Instead, they must face the always intense guard bulldozing his way toward them with James and Davis in tow on the wings, or already down the court, a much more scary and lethal proposition, where any misstep or miscalculation spells doom for a defense.
But it’s also not only at the free-throw line where the Lakers have looked to ambush. They’re doing so off of nearly every miss. Against Houston on Tuesday, the team had an absurd transition frequency off of live-ball misses of 40.6% (for context, 38.3% is the current league-leading rate of the Milwaukee Bucks) as they relentlessly attacked the young squad with continuous early offense chances.
“We want to be the best fast-breaking team in the NBA,” Frank Vogel said of his roster prior to the season. “We have dynamic players, and then adding a guy like Russ and the speed that he brings to the table, we want to support him and get everybody running. That’s when we’re going to be at our best.”
So far, the team has taken on Westbrook’s breakneck identity and embraced their coach’s words, as they are not only second when it comes to pace of possessions off of missed field-goals (10.02 seconds), but second in terms of pace off made field-goals as well (16.4 seconds). These metrics only further exemplify how much of a concerted effort it’s been to pounce when the opportunity presents itself, in any situation.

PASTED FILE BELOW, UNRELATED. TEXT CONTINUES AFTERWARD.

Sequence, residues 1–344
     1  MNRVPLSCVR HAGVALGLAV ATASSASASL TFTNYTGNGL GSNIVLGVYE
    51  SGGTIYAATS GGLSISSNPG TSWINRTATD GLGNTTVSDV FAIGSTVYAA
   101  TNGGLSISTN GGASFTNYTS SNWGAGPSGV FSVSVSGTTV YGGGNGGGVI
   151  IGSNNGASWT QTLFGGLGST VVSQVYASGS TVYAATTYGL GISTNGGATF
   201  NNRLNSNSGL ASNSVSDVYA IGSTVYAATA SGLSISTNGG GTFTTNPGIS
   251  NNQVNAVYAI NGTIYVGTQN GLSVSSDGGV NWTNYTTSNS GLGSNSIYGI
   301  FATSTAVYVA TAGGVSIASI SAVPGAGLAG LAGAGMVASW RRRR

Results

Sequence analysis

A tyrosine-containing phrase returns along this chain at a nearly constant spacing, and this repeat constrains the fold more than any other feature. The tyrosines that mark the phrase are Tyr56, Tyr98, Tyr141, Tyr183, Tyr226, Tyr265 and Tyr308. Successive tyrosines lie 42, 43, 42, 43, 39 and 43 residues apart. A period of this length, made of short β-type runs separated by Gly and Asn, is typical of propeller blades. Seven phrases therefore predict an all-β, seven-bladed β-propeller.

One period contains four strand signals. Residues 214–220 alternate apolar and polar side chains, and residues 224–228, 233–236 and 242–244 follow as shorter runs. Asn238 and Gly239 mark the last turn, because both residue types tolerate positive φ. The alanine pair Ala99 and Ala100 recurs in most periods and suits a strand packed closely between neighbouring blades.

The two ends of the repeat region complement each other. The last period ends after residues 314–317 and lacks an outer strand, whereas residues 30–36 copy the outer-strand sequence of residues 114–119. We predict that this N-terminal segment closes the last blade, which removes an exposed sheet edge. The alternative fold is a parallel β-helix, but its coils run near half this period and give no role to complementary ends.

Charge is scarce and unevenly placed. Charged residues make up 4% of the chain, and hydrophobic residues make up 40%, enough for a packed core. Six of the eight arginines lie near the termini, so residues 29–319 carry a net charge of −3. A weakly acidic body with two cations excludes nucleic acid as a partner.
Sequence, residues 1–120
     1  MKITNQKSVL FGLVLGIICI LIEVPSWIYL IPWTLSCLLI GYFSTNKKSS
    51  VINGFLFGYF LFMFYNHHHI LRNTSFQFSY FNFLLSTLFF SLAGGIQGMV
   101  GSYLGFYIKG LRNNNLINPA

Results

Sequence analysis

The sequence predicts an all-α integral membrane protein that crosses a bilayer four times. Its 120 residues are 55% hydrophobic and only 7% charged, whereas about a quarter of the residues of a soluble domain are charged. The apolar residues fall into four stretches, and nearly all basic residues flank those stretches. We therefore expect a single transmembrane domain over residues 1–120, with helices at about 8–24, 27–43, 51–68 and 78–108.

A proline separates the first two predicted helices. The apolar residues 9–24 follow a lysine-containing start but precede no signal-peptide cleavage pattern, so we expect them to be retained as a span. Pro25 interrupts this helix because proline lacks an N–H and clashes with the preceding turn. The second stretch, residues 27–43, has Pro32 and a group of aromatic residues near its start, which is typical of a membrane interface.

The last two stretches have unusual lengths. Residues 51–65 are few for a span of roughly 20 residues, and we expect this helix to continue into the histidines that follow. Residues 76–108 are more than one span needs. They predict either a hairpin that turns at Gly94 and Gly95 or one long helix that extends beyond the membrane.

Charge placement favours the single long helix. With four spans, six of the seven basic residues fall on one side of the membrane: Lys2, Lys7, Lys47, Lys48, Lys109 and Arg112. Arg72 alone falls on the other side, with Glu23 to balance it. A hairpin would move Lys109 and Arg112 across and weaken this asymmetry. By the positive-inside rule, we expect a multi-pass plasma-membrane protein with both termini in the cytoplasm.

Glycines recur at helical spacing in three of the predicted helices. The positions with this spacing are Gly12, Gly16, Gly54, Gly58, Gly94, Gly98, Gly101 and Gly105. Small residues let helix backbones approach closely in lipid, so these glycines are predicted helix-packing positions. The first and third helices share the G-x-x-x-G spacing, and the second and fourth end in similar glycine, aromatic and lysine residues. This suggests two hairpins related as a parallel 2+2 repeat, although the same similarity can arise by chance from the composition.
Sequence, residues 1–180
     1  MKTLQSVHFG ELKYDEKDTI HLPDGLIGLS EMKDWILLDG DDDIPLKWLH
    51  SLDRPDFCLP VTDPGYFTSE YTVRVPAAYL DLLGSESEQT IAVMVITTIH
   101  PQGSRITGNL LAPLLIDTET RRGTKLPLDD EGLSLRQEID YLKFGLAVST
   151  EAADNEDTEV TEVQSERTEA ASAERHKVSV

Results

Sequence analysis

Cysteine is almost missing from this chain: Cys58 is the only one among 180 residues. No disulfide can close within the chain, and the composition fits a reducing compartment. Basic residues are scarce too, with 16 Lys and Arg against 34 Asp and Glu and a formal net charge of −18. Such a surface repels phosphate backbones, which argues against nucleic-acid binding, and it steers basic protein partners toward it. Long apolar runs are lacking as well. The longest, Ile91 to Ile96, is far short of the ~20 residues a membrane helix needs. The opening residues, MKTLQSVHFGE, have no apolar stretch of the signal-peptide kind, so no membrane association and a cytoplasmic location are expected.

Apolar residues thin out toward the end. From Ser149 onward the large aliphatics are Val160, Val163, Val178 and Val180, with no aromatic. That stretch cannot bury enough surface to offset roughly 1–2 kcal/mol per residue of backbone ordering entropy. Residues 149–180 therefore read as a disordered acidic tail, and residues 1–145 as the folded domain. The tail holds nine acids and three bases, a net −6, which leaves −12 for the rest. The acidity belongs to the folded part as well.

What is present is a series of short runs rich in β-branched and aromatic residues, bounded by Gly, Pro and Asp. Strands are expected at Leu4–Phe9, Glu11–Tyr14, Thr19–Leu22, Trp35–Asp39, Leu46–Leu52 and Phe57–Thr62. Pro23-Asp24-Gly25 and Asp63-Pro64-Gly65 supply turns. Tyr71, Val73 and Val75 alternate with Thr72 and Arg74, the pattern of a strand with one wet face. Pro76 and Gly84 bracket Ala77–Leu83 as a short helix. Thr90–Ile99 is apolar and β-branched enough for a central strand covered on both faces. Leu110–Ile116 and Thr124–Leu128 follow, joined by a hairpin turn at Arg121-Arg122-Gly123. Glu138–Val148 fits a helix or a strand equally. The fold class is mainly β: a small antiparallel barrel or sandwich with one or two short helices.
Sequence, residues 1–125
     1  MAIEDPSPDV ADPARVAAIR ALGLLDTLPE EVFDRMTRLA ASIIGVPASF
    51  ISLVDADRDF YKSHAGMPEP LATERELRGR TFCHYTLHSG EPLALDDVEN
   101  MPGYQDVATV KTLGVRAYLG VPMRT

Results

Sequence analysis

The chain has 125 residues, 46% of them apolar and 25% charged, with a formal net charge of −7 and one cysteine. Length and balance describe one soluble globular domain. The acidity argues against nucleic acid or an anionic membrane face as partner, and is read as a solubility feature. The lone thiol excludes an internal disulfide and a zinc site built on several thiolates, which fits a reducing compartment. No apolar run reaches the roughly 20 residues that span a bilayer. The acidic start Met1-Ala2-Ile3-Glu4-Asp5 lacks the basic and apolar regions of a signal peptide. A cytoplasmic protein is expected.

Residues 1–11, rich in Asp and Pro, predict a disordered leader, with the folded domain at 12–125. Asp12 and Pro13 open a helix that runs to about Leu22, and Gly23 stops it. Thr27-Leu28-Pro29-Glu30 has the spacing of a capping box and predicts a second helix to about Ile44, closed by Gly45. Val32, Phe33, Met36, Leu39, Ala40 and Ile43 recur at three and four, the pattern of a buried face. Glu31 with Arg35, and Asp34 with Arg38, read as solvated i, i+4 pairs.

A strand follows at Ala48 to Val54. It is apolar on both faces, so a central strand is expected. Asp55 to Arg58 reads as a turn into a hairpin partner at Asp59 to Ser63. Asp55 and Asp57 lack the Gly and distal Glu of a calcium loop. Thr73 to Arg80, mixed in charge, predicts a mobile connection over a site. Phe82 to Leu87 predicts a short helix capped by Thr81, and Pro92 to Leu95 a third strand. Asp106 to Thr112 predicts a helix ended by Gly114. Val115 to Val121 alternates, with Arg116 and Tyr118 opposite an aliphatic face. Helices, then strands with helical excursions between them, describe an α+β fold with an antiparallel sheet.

While the team’s half-court offense is still a work in progress (16th in the league/92 points per 100 possessions) it has been their transition game (fourth-best efficiency/128.8 points per 100 transition possessions) that has helped steady the ship amidst the choppy waters of the acclimation process.
Maybe most impressive about the group’s early success in this area is the fact that is has not come at the expense of drastic energy exertion. As their aforementioned Sunday stroll through the park-esque average speed while running plays suggests, the Lakers have been able to kickstart their running-game not by playing faster, but finding other ways to gain an advantage. Namely, by allowing their passing and floor recognition to make up the ground for their legs.
Through these timely hit-aheads, leak-outs and more consistent spot up shooting, the team has been able to leverage any defensive hiccups immediately into scoring chances, often without needing to dribble much to do so. This level of energy preservation could yield long-term benefits when it comes to staying fresh over the course of an 82-game season.
There is no denying that there will be much hoopla regarding the Lakers’ age throughout the year, some of it warranted, and some of it not. With that said, there is something inherently poetic about the oldest squad around running laps around players who used to watch them on T.V.
Transition offense can ultimately only take you so far in this league however, and there are plenty of other of areas of the game where the team still needs to iron things out. But if nothing else, this early display of how much gas they still have left in the tank is encouraging.
Time is not realistically on the Lakers’ side going forward. Their bodies will only put on more miles, their ages will only ascend upward. But if they can take as many smart and improvisational detours as they can on their way to the eventual destination, like seasoned drivers who know shortcuts not yet listed on maps, they just might be able to beat that ticking clock by taking the roads less traveled.